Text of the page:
The United Kingdom has a body that provides an extensive framework to ensure that the hobby is encourage and conducted safely and their safety code is as follows…
UKRA Model Rocket Safety Code
1 – General Rules
- 1.1 Safety is the concern of all rocket flyers. Persons causing serious damage/injury to third parties, livestock, vehicles, or property whilst involved in rocketry of any kind must report the incident to the Safety Officer or a representative of the rocket club. You can also send a report directly to UKRA using our contact form. Accident reporting allows us to give guidance and help to flyers and to make rocketry safer for the future.
- 1.2 Payloads – All rocket flyers undertake never to carry live animals or any payloads that are intended to be flammable, explosive, or harmful.
2 – Equipment
- 2.1 The Rocket – All rockets flown under this safety code shall be made of lightweight materials such as paper, wood, rubber, or plastic.
- The Safety Officer must be satisfied that the rocket is flight worthy and sufficiently robust to survive launch, aerodynamic, and recovery system loads.
- All rockets must use a recovery system that will return it safely to the ground so it may be flown again.
- 2.2 Motors – The rocket motor must only be used in the manner recommended by the manufacturer. It is not permissible to alter the motor, its parts, or its ingredients in any way.
- 2.3 Igniters – The Safety Officer must be satisfied with the igniter system that is connected to the rocket motor. Wherever practical igniters should not be installed in a motor until at the launch pad.
- 2.4 Weight & Power – Any rocket must not have a mass greater than the manufacturer’s recommended maximum lift-off mass for the motors used.
- 2.5 Launch Controller – The launch controller must include a safety key to immobilise the system when removed. This key should only be in place at the time of the launch and should be removed immediately after an ignition attempt, especially in the event of a misfire.
3 – The Launch Site
- 3.1 Flying Site – Launch sites should be a suitable open area for launching and recovering rockets. It is usual to gain the landowner’s permission before flying. The table of minimum flying site dimensions according to motor power can be found here. Further guidance on flying sites can be found in the full UKRA Safety Code.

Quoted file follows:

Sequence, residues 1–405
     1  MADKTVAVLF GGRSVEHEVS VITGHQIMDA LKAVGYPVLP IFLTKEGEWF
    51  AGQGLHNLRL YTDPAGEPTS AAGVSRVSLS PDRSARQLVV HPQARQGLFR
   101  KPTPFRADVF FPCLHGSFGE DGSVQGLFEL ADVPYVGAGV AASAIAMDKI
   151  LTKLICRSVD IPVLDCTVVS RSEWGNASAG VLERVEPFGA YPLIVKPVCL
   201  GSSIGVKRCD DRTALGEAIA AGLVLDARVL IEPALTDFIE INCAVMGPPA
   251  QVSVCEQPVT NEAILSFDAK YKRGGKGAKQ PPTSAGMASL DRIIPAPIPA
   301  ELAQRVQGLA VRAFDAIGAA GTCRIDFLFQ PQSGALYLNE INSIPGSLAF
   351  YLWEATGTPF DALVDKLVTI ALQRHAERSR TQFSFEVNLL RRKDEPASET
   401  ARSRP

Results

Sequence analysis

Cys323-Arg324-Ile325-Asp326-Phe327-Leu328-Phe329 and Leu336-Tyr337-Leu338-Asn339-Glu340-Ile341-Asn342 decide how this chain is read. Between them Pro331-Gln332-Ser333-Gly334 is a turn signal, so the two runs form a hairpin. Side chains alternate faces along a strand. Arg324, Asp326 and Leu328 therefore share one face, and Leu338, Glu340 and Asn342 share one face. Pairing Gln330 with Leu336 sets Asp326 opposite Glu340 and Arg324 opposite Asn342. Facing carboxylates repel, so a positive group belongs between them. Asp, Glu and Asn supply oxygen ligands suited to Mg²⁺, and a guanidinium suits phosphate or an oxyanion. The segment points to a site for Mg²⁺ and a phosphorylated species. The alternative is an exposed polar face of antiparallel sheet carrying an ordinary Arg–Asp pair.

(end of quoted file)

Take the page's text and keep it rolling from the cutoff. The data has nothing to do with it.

- 3.2 Safety Officer – A Safety Officer for model flying is a nominated responsible adult and should be familiar with the concepts and risks associated with model rocketry.
The Safety Officer has authority over and above all other persons present at the launch site and has the power to delay or cancel any launch until satisfied that it can proceed safely.
- 3.3 Personnel – Only the flyer of the rocket may approach nearer the rocket than the minimum Safe Distance during or after igniter installation. Flyers may only approach nearer than the Safe Distance with the approval of the Safety Officer.
- 3.3.1 Spectators – All spectators/onlookers/press at launch must be kept at least the minimum Safe Distance away from the launch area as determined by the total impulse of the rocket motor(s) according to the Safe Distance Table.
- 3.3.2 Minders – Any persons at the launch site who cannot watch the rocket, e.g. due to their monitoring of equipment must be protected; either by a physical safety barrier or by persons beside them who can watch the rocket and issue a warning or take protective action.
- 3.3.3 Visual Rule – All persons at the launch site should be aware of their own safety. It is good practice that for their own safety they should keep their eyes on the rocket from at least two seconds before launch until either the rocket lands or until visual contact is lost.
- 3.3.4 Safe Distance Table – All persons, except those required for the launch of a rocket, should keep at least the given minimum distance from the rocket motor during and after igniter installation. A table of minimum safe distances can be found here.
4 – Flying
- 4.1 Launch Permission – Before launching, the flyer must obtain permission to launch from the Safety Officer.
- 4.2 launching – A clearly audible countdown of at least five seconds must be given, either by the launch person, the Safety Officer or any person recognised by all present as responsible for the countdown and authorised by the Safety Officer.
- 4.3 Misfires – If a rocket suffers a misfire, no one may approach the launch pad until waiting for one minute. After this time the Safety Officer should give permission for one person to approach the rocket.
I am sure most countries have a governing body that will help you get into the hobby and help you stay safe.
Happy landings or at least have some fun trying